Back to Journals » International Journal of Nanomedicine » Volume 6

Formulation and pharmacokinetic evaluation of a paclitaxel nanosuspension for intravenous delivery

Authors Wang YL, Li XM, Wang LY, Xu YL, Cheng XD, Wei P

Published 13 July 2011 Volume 2011:6 Pages 1497—1507

DOI https://doi.org/10.2147/IJN.S21097

Review by Single-blind

Peer reviewer comments 3

Yonglu Wang1,4, Xueming Li1,2*, Liyao Wang3, Yuanlong Xu1, Xiaodan Cheng1, Ping Wei4
1
College of Pharmacy, Nanjing University of Technology, Nanjing; 2State Key Laboratory of Materials-Oriented Chemical Engineering, Nanjing University of Technology, Nanjing; 3College of Life Science, Anhui Agricultural University, Hefei; 4College of Biotechnology and Pharmaceutical Engineering, Nanjing University of Technology, Nanjing, People’s Republic of China
*These authors contributed equally to this work.

Abstract: Paclitaxel is a diterpenoid isolated from Taxus brevifolia. It is effective for various cancers, especially ovarian and breast cancer. Due to its aqueous insolubility, it is administered dissolved in ethanol and Cremophor® EL (BASF, Ludwigshafen, Germany), which can cause serious allergic reactions. In order to eliminate Cremophor EL, paclitaxel was formulated as a nanosuspension by high-pressure homogenization. The nanosuspension was lyophilized to obtain the dry paclitaxel nanoparticles (average size, 214.4 ± 15.03 nm), which enhanced both the physical and chemical stability of paclitaxel nanoparticles. Paclitaxel dissolution was also enhanced by the nanosuspension. Differential scanning calorimetry showed that the crystallinity of paclitaxel was preserved during the high-pressure homogenization process. The pharmacokinetics and tissue distribution of paclitaxel were compared after intravenous administration of paclitaxel nanosuspension and paclitaxel injection. In rat plasma, paclitaxel nanosuspension exhibited a significantly (P < 0.01) reduced area under the concentration curve (AUC)0–∞ (20.343 ± 9.119 µg · h · mL−1 vs 5.196 ± 1.426 µg · h · mL−1), greater clearance (2.050 ± 0.616 L · kg−1 · h−1 vs 0.556 ± 0.190 L · kg−1 · h−1), and shorter elimination half-life (5.646 ± 2.941 vs 3.774 ± 1.352 hours) compared with the paclitaxel solution. In contrast, the paclitaxel nanosuspension resulted in a significantly greater AUC0–∞ in liver, lung, and spleen (all P < 0.01), but not in heart or kidney.

Keywords: high-pressure homogenization, tissue distribution, surfactant

Creative Commons License This work is published and licensed by Dove Medical Press Limited. The full terms of this license are available at https://www.dovepress.com/terms.php and incorporate the Creative Commons Attribution - Non Commercial (unported, v3.0) License. By accessing the work you hereby accept the Terms. Non-commercial uses of the work are permitted without any further permission from Dove Medical Press Limited, provided the work is properly attributed. For permission for commercial use of this work, please see paragraphs 4.2 and 5 of our Terms.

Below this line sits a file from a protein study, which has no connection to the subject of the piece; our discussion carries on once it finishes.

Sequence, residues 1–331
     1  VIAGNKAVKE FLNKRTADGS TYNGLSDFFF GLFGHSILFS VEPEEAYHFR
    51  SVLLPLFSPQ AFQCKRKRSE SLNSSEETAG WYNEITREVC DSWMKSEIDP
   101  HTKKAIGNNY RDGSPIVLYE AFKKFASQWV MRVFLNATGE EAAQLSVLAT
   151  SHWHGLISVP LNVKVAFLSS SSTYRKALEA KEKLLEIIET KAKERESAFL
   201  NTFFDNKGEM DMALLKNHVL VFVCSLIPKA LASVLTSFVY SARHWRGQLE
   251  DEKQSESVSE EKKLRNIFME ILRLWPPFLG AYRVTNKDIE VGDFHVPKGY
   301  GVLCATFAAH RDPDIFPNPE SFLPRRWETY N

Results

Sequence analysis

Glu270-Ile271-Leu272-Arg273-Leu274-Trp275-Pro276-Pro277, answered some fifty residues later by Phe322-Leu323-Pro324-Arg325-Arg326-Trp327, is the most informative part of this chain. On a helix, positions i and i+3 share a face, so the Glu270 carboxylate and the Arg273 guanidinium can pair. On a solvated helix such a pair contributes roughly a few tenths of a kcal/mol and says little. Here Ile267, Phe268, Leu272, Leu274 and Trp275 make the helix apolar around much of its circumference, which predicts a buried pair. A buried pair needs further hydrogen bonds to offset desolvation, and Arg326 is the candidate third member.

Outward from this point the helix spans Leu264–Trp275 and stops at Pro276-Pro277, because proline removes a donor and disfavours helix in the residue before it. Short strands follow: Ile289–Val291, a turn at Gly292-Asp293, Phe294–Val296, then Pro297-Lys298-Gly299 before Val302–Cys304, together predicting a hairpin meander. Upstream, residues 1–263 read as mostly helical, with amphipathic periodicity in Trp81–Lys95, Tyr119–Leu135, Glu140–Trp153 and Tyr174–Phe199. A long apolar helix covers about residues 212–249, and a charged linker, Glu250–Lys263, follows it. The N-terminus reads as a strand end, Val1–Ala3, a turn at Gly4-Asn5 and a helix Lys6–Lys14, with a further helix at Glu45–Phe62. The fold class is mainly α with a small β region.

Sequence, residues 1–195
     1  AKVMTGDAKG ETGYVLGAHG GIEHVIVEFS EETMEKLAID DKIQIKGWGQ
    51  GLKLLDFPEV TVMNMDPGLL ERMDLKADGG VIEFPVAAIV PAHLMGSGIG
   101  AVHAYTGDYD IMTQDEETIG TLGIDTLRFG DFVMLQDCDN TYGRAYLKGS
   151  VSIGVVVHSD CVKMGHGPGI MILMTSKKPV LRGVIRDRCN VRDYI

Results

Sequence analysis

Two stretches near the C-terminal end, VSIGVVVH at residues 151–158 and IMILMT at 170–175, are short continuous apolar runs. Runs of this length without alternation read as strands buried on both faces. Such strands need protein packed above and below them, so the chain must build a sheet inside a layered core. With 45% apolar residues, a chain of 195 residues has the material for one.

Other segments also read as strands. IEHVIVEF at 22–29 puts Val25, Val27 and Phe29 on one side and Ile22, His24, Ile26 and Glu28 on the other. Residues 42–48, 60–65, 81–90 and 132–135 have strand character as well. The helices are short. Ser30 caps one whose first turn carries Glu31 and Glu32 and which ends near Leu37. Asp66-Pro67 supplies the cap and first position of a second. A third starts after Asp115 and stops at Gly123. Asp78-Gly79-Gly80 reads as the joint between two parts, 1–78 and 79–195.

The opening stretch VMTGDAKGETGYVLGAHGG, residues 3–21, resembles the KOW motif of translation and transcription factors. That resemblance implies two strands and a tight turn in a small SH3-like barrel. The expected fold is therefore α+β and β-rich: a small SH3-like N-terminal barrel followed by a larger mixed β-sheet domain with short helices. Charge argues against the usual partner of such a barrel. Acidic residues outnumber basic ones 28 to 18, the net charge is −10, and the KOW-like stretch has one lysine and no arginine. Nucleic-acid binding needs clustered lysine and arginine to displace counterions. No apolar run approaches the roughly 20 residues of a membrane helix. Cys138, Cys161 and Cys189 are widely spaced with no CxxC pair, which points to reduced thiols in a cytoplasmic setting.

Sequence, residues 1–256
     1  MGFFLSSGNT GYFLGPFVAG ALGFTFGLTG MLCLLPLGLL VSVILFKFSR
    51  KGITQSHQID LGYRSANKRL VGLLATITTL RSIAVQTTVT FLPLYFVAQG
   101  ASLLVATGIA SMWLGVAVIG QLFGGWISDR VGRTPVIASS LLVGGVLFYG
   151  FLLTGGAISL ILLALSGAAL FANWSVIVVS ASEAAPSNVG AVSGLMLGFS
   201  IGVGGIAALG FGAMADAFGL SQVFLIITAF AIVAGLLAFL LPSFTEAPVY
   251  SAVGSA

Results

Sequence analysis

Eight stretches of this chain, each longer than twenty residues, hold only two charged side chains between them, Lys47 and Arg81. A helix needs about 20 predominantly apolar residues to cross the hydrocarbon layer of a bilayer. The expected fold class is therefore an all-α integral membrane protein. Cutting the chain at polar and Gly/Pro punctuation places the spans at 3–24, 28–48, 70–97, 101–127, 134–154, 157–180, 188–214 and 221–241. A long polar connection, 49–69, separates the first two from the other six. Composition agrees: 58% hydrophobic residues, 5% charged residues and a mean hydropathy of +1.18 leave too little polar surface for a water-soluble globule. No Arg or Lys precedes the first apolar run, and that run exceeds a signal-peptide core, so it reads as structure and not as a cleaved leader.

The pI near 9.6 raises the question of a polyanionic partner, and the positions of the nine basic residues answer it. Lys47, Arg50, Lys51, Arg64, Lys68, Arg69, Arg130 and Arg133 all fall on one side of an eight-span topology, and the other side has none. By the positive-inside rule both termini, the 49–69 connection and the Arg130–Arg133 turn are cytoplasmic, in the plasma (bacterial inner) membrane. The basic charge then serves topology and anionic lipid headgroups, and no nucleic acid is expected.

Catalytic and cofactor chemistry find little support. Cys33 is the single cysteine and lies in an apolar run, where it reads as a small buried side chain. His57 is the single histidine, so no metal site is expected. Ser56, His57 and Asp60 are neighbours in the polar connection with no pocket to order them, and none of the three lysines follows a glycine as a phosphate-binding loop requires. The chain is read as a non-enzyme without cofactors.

Download Article [PDF]  View Full Text [HTML][Machine readable]

 

Readers of this article also read:

Real-world evaluation of compliance and preference in Alzheimer’s disease treatment

Pai MC, Aref H, Bassil N, Kandiah N, Lee JH, Srinivasan AV, diTommaso S, Yuksel O

Clinical Interventions in Aging 2015, 10:1779-1788

Published Date: 3 November 2015

Effects of a hybrid micro/nanorod topography-modified titanium implant on adhesion and osteogenic differentiation in rat bone marrow mesenchymal stem cells

Zhang WJ, Li ZH, Huang QF, Xu L, Li JH, Jin YQ, Wang GF, Liu XY, Jiang XQ

International Journal of Nanomedicine 2013, 8:257-265

Published Date: 11 January 2013

Gemcitabine-loaded liposomes: rationale, potentialities and future perspectives

Federico C, Morittu VM, Britti D, Trapasso E, Cosco D

International Journal of Nanomedicine 2012, 7:5423-5436

Published Date: 1 November 2012

Sustained-release G-CSF microspheres using a novel solid-in-oil-in-oil-in-water emulsion method

Liu G, Hong X, Jiang M, Yuan W

International Journal of Nanomedicine 2012, 7:4559-4569

Published Date: 17 August 2012

Liver cell specific targeting by the preS1 domain of hepatitis B virus surface antigen displayed on protein nanocages

Murata M, Narahara S, Umezaki K, Toita R, Tabata S, Piao JS, Abe K, Kang JH, Ohuchida K, Cui L, Hashizume M

International Journal of Nanomedicine 2012, 7:4353-4362

Published Date: 9 August 2012

Corrigendum

Biazar E, Heidari M, Asefnejad A, Montazeri N

International Journal of Nanomedicine 2011, 6:1141-1142

Published Date: 2 June 2011

Zinc oxide nanoparticles as selective killers of proliferating cells

Taccola L, Raffa V, Riggio C, Vittorio O, Iorio MC, Vanacore R, Pietrabissa A, Cuschieri A

International Journal of Nanomedicine 2011, 6:1129-1140

Published Date: 30 May 2011

Nanovaccine for leishmaniasis: preparation of chitosan nanoparticles containing Leishmania superoxide dismutase and evaluation of its immunogenicity in BALB/c mice

Danesh-Bahreini MA, Shokri J, Samiei A, Kamali-Sarvestani E, Barzegar-Jalali M, Mohammadi-Samani S

International Journal of Nanomedicine 2011, 6:835-842

Published Date: 20 April 2011